Heller Lecture Series in Computational Neuroscience
Director, Max Planck Institute of Neurobiology, Munich - Germany
On the topic of
How experience changes the circuitry of the brain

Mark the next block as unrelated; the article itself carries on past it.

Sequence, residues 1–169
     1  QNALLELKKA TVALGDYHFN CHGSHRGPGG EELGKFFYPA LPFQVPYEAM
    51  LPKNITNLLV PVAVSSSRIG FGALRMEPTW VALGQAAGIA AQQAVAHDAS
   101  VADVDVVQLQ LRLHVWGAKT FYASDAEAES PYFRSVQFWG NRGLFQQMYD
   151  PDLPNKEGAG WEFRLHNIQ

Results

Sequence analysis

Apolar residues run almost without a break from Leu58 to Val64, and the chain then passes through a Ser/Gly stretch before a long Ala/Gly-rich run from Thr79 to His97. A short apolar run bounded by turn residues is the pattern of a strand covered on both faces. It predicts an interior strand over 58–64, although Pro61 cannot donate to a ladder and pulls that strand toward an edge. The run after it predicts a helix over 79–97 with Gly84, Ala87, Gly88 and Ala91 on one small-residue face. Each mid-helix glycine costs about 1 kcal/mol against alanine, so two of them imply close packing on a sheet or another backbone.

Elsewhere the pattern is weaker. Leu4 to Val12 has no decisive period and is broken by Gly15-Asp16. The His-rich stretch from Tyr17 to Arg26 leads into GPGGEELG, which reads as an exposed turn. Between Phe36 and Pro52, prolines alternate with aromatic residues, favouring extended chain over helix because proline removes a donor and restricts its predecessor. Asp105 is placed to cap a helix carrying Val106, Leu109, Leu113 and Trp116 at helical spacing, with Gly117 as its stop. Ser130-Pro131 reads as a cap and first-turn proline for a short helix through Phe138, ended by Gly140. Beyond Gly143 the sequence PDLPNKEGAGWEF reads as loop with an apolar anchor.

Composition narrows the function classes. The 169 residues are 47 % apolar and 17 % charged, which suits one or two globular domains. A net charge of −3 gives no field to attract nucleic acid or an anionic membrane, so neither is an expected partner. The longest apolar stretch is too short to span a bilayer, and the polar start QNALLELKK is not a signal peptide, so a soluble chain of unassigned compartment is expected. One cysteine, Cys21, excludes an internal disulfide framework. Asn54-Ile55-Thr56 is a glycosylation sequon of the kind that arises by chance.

One of the most fundamental properties of the brain is its ability to adapt rapidly to environmental changes. This is achieved mainly by changes in the connectivity between individual nerve cells. Synapses can be modulated in their strength by a variety of different mechanisms. We have investigated a number of these mechanisms, ranging from homeostatic control of synaptic efficacy to morphological manifestations of synaptic strengthening or weakening, and the role of calcium in these processes. Yet, while we are beginning to understand the cellular mechanisms underlying synaptic changes, it is important to consider the functional implications of synaptic plasticity in the intact brain. We are therefore applying new imaging methods to investigate the effects of experience on synaptic changes in cortical circuits. In particular, in vivo two-photon microscopy has enabled us to study morphological as well as functional plasticity at the level of individual neurons in the neocortex. These experiments are beginning to close the gap between traditional cellular and systems studies, and they will enable us to obtain a much more comprehensive understanding of the phenomenon of synaptic plasticity and its role in cortical function and ultimately behavior.
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